Paul M. Grant
"For consistently promoting applications of physics and sound science within the broader public sector – encompassing industrial and governmental, as well as primary, secondary, and higher educational institutions and communities worldwide."
Paul Grant graduated from Wappingers Central High School, near Poughkeepsie, New York, in 1953. During the spring term of his senior year in high school, he entered the employ of IBM, commencing what was to become a 40-year career with the company. Upon graduation he was assigned by IBM to Project SAGE, the world's first supercomputer and prototype for NORAD.
IBM subsequently underwrote his university attendance while he remained an employee, leading to a BSEE degree (1960) from Clarkson University and the AM (1961) and PhD (1965) degrees in Applied Physics from Harvard University. While attending Clarkson, he continued working summers at IBM studying the Hall and magnetoresistive effects as applied to thin ferromagnetic film devices, which formed the central topic of his senior thesis and later resulted in two patents. He also designed and built one of the first thin film evaporation chambers which measured in-situ reflection electron diffraction during film growth (RHEED).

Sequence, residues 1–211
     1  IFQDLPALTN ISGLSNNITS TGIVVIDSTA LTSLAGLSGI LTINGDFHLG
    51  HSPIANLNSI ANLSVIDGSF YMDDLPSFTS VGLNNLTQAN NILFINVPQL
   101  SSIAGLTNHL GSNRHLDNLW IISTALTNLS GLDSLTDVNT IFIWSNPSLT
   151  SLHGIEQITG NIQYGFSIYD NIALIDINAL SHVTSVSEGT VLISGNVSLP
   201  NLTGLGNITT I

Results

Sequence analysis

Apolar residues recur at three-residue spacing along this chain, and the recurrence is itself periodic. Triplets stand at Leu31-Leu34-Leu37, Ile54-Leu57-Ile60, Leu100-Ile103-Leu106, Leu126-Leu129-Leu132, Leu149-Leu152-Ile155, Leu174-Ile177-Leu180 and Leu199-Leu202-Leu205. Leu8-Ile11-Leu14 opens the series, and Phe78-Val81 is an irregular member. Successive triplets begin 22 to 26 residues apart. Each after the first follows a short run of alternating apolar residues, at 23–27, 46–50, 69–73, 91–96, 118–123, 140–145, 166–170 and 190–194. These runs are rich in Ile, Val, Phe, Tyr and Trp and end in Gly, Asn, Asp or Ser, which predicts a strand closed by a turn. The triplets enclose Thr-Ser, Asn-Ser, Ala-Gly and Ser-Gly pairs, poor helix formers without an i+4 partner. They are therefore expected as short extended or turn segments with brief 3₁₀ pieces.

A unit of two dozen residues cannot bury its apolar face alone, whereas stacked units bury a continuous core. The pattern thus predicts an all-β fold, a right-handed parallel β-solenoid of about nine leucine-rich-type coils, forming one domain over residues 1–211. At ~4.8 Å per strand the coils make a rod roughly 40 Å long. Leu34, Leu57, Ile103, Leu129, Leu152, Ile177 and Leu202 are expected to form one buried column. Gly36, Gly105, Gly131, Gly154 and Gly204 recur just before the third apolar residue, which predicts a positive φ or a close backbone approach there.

After obtaining his PhD, IBM relocated Dr. Grant to its San Jose/Almaden Research Center in California where he pursued a variety of fundamental material research studies, which included magnetic semiconductors, organic and polymer metals, and high temperature superconductors. He also initiated IBM’s effort on magneto-resistive read head technology.
Upon retiring from IBM (1993), he accepted a position as Science Fellow at the Electric Power Research Institute (EPRI) where, until retiring once more (2005), he funded power applications of superconductivity and other "green energy" technologies.
Dr. Grant has published over 120 papers in scientific peer-reviewed journals, as well as numerous articles on science and energy issues in the popular press. He has written commentaries and book reviews for Nature and Physics World, as well as advising bipartisan members of the US Congressional Committees on Science and Energy on various policy issues. He is a Senior Life Fellow of the APS, a Fellow of the Institute of Physics, and is currently serves on the Committee on Superconductivity at the IASS in Germany. He has held a visitor scholar appointment at Stanford University and now functions as a business associate at JPL/CalTech, and as a “due diligence” consultant for Silicon Valley venture capital enterprises.
G. Meisner, Chair; A. White; M. Wilson; M. Shinn